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Lewis filed the suit Tuesday in the Hamilton County Clerk of Courts Office on behalf of Lynda Bates, the mother of a child who suffers from severe peanut allergies. The suit alleges there is no legitimate reason for the price increase. Lewis also cites the Ohio Consumer Sales Protection Act which states Ohioans have a right to be free of price-gouging, particularly in the case of medically necessary pharmaceuticals.
Lewis says that issue is at the heart of his case. “Mylan has injured not only the Ohio consumer but the American consumer because .. this autoinjector is not something you might want to have or should have. You’ve got to have it. It’s life saving,” Lewis told FBN.
Lewis has company. On the same day he filed his paperwork in Ohio, New York Attorney General Eric Schneiderman launched an investigation into alleged anti-competitive practices by Mylan to strong-arm schools by forcing them to agree not to buy any competitor’s product for at least a year.
Schneiderman said in a statement, “No child’s life should be put at risk because a parent, school, or healthcare provider cannot afford a simple, life-saving device because of a drug-maker’s anti-competitive practices. If Mylan engaged in anti-competitive business practices, or violated antitrust laws with the intent and effect of limiting lower cost competition, we will hold them accountable.”
Some members of the United States Senate want to do the same. Senator Charles Grassley (R-IA) heads the Senate Judiciary Committee. Grassley began demanding last month that the company rationalize the price-hikes. After hearing from constituents before the start of the school year, Grassley, along with Senators Amy Klobuchar (D-MN), Mark Warner (R-VA) and Richard Blumenthal (D-CT) began calling for the Federal Trade Commission to investigate whether Mylan violated anti-trust laws by dramatically raising the price.
Phone calls to Mylan by FOX Business have not been returned.
Mylan and its CEO Heather Bresch have come under fire for the price change specifically because the cost of a single dose of epinephrine runs about $1 dollar. Mylan holds the patent on the auto-injector device which some experts indicate costs just $4 dollars to manufacture. Mylan purchased the company that makes EpiPen in 2007 and promptly began raising the price while simultaneously lobbying Washington to require that schools, hospitals and businesses keep the device on hand. Mylan’s near-monopoly on the device has enabled it to ramp up the price without much question, until now.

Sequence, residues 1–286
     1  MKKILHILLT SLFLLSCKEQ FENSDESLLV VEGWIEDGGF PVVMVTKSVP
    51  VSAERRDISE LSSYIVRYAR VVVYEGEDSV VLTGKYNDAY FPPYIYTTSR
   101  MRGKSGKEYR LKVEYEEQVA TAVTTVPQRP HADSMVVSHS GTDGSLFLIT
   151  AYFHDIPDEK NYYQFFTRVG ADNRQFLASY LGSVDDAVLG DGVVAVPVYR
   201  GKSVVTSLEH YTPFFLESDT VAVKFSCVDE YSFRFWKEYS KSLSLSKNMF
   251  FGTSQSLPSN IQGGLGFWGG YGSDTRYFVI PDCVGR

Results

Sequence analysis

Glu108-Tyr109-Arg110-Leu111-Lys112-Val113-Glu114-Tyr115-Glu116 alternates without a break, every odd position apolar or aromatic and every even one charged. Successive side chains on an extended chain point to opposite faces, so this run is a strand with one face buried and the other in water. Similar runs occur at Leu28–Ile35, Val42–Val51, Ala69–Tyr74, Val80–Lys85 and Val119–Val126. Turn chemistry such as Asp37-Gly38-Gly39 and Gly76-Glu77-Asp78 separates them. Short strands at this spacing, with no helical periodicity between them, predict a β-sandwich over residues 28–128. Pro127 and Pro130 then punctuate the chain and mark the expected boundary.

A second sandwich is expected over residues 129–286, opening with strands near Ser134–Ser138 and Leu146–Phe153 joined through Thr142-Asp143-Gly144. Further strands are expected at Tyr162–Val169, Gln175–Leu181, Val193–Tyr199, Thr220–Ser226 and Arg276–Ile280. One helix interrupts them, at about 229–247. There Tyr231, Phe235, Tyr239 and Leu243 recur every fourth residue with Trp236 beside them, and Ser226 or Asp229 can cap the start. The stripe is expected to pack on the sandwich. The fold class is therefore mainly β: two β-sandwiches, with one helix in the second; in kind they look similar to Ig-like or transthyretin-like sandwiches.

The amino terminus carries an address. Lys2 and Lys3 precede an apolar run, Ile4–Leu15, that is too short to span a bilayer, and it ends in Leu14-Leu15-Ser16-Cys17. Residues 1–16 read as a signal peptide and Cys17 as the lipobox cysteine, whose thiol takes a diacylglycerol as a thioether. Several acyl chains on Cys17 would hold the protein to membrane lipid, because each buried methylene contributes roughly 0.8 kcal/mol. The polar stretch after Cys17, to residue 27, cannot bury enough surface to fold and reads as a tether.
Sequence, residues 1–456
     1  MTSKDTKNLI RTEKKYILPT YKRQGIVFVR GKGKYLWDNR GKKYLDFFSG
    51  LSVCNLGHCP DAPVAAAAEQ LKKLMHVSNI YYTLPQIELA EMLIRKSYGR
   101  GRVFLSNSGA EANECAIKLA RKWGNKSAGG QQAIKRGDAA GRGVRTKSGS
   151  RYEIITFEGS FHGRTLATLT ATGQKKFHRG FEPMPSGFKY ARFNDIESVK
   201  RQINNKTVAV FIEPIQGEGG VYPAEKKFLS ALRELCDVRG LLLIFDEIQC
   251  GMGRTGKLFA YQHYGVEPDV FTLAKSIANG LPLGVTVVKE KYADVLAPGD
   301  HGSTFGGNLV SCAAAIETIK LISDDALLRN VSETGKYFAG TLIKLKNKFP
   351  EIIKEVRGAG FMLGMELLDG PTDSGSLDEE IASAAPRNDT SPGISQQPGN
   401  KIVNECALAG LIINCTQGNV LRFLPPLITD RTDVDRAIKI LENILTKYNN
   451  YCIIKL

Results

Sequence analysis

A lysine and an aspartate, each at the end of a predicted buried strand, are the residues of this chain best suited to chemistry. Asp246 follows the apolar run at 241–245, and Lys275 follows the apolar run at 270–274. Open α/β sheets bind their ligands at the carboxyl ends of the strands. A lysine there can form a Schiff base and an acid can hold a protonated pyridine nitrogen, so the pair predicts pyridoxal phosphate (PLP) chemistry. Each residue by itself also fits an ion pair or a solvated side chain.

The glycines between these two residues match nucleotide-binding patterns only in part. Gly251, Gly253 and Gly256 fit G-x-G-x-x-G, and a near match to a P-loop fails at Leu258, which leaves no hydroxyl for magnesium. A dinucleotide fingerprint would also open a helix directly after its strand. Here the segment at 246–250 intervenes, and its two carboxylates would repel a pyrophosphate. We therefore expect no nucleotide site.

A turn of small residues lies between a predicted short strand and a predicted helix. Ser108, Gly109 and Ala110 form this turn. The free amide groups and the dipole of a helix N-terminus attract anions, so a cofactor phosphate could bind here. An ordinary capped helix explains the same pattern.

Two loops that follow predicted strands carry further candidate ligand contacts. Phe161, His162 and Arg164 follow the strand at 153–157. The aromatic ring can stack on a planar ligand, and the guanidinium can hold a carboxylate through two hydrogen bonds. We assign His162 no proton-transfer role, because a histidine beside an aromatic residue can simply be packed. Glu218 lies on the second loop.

After outrage hit a fever pitch in late August, Mylan tried to quell the fury by offering a savings card that would grant some consumers a 50% discount, however only commercially insured patients who pay full price will get that discount. Lewis says Mylan must go further.
“[We want to] get them to wake up and do the right thing for the American consumer, and that is to reduce their prices immediately. Not next week, not with a coupon, but drop those prices now ... anyone that’s been forced to pay the difference, refund the difference, right away.”
The Ohio case will be closely watched. The plaintiff/plaintiffs must ask a court to certify the case as a class-action before it can proceed.
The entire issue is complicated by the fact that the Food and Drug Administration has so far rejected competitors’ products. In March, the FDA rejected Teva Pharmaceuticals’ product, citing “certain major deficiencies.”
While the competitive landscape clearly favors Mylan for now, accusations and questions mount about how the Pennsylvania-based company has handled its near-monopoly. FOX Business has learned that the company is also being probed over whether it shortened the expiration date of the EpiPen from 2 years to one year, hence forcing patients to more frequently shell out hundreds of dollars.
Mylan (NASDAQ:MYL) stock, which stood at $50 a share August 9th, closed Friday at $39.89.